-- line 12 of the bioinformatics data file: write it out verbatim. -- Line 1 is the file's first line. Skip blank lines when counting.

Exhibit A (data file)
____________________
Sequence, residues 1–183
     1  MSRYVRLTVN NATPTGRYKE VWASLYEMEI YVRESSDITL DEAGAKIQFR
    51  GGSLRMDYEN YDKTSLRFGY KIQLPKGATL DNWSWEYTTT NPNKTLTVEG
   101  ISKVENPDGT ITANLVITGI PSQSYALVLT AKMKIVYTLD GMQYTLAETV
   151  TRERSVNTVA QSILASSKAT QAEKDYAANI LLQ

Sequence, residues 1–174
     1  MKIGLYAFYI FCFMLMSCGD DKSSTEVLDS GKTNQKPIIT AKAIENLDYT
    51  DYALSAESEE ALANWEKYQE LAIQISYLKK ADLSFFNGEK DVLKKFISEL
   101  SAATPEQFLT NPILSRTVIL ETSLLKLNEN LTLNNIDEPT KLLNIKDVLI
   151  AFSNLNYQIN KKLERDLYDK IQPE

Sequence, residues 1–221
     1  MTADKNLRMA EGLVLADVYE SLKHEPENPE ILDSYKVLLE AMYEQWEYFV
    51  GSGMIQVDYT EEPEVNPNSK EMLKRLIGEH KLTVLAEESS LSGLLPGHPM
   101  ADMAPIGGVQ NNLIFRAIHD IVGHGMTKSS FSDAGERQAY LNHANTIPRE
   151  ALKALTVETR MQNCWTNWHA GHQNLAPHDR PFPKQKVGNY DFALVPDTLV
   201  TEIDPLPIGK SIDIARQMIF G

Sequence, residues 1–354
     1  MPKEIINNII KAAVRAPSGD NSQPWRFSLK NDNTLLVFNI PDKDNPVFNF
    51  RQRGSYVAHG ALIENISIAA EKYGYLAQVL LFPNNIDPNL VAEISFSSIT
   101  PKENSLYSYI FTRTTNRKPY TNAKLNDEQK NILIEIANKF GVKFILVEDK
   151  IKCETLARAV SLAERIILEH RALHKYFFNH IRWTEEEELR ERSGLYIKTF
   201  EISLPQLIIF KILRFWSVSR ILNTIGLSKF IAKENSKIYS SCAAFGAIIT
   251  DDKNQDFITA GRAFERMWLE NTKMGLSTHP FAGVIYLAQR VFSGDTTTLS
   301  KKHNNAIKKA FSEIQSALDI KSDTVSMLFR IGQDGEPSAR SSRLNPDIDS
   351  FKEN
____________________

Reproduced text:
     1  MTADKNLRMA EGLVLADVYE SLKHEPENPE ILDSYKVLLE AMYEQWEYFV